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Understanding the rules of engagement

Posted: 26 Jan 2016 ?? ?Print Version ?Bookmark and Share

Keywords:development? test equipment? calibration? debugging? rotary BCD?

Some time ago I came up with an article on my frustrations in trying to design a product without any real specifications. Based upon some suggestions from my then editor, Rich Quinell, I formulated several rules of engagement to try and reduce the problems that arose. These are not intended to negate any of the other design practices as recommended by experts like Jack Ganssle, but when you work in a small organisation, things like code reviews are just not possible.

1. Never assume anything. The old saw that it will make an ass out of you and me is actually very close to the truth. Make sure you know what is expected from you, your employer and the different levels reaching the end user. Don't assume that anybody is going to do anything that is implicit.

2. Understand the project. This is not the same as the requirements for the project. Often your project is a small part of a larger enterprise and if you can understand what is going on your efforts will interleave much better. My experience has been that after a while the engineer at working at the lower level actually knows more of what is going on and how everything interrelates that the consultants. If you can get to this position, your credibility and negotiating strength is increased significantly.

3. Get consensus. Taking your own approach without getting agreement from the customers (and I use that term very loosely) will lead to wasted effort and possibly delays in the delivery.

4. Keep the customer informed on progress. It is much better for the customer to be in the loop rather than spring the delay on him the day before delivery. Often this has a knock on effect and your customer will get chewed out by his customer and he will be rather disgruntled.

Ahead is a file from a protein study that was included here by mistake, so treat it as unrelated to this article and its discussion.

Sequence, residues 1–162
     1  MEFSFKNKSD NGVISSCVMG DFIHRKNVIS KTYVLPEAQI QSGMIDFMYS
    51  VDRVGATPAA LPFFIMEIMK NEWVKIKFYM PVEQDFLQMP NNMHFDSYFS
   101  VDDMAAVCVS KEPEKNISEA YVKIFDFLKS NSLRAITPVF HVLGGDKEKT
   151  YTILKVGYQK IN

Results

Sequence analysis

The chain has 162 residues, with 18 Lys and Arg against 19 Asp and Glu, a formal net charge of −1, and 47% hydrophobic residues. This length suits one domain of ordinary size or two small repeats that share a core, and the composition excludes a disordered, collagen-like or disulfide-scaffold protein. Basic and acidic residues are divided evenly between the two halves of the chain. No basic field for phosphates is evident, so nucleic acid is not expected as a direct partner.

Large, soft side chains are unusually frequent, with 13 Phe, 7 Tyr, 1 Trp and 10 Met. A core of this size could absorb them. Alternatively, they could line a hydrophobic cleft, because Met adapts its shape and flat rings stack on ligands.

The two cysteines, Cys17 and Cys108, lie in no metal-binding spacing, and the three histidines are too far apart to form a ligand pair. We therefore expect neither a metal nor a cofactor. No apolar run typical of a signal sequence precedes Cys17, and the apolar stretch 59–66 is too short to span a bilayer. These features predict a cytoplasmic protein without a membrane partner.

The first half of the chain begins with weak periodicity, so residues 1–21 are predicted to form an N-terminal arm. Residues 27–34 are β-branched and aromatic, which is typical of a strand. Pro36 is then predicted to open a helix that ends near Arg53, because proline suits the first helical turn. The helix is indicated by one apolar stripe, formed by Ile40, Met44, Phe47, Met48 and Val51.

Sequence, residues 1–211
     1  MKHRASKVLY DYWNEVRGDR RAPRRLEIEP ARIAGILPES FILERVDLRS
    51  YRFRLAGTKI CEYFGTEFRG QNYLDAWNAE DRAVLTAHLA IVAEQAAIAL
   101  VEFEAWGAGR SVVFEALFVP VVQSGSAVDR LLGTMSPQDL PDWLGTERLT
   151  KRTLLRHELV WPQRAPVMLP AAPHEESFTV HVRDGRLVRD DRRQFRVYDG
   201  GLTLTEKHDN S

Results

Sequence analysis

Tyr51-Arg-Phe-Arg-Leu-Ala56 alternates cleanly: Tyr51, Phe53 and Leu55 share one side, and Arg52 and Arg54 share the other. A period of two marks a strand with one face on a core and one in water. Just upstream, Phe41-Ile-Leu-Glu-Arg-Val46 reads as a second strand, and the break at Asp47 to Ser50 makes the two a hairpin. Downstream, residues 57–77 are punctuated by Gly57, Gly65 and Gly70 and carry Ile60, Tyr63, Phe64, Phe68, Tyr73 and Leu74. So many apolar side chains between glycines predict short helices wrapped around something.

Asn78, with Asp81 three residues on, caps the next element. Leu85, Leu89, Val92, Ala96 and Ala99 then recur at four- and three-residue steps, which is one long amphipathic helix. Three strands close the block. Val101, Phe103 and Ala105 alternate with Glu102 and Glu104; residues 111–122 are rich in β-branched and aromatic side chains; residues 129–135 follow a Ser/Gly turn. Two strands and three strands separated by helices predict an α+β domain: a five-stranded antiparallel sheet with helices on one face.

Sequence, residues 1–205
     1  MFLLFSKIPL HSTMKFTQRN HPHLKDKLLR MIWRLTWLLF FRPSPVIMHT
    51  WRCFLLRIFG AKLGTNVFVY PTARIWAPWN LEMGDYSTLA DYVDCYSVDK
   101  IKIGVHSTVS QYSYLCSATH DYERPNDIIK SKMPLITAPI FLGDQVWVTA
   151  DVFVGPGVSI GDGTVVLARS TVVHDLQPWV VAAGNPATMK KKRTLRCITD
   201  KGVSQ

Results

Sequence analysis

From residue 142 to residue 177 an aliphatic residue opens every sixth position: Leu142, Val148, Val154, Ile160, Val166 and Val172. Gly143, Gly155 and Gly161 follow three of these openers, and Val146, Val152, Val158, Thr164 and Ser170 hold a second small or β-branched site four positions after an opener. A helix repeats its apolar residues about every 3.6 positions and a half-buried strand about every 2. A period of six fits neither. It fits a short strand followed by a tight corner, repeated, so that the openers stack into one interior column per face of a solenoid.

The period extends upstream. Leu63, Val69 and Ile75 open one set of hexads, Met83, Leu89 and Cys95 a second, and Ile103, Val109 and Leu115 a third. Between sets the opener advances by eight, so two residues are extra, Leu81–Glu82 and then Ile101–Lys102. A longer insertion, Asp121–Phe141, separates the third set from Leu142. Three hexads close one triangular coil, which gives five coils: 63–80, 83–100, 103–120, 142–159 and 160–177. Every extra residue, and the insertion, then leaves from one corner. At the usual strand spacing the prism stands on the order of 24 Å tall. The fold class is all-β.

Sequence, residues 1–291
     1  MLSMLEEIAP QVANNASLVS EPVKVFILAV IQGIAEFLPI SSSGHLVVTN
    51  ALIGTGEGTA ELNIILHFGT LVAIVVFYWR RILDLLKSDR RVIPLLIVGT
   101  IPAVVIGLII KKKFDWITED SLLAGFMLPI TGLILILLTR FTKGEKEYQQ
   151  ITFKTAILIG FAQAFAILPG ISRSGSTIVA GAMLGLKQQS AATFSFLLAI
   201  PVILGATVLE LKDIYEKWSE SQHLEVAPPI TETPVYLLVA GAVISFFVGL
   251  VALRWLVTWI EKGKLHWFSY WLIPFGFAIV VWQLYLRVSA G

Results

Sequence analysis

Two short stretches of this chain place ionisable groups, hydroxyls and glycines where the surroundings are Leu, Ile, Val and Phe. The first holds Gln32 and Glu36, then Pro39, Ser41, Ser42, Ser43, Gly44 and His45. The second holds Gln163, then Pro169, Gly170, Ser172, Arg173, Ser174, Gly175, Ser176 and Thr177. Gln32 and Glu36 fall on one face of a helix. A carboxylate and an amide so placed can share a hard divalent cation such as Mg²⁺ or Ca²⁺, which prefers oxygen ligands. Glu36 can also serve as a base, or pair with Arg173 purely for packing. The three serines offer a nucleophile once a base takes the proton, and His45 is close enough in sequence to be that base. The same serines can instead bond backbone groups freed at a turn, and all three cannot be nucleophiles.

5. Learn the hardware. If you are designing with new technology, it is a great help to understand it in order to get the best performance possible. Of course there is a learning curve, but any study ahead of the project is bound to factor in your favour.

6. Learn the development environment. The same is true as with #5.

7. Marshall your test equipment. Make sure you have everything you need to test the project. Even sending something for calibration in the middle of a project can delay your progress.

8. Make a plan. Even if it is only for yourself, look at the different steps you have to take to make the project a reality. Include tests and milestones so that you can estimate when you will need input from others, test equipment, and validation of proof on concept.

9. Always verify the collective wisdom. Many times approaches that are suggested are nothing more than scared cows that will delay your project at best and will not work at worst. Ideas and concepts are often gut feel by people who have no knowledge of how anything electrical/electronic/mechanical works (like sales weasels).

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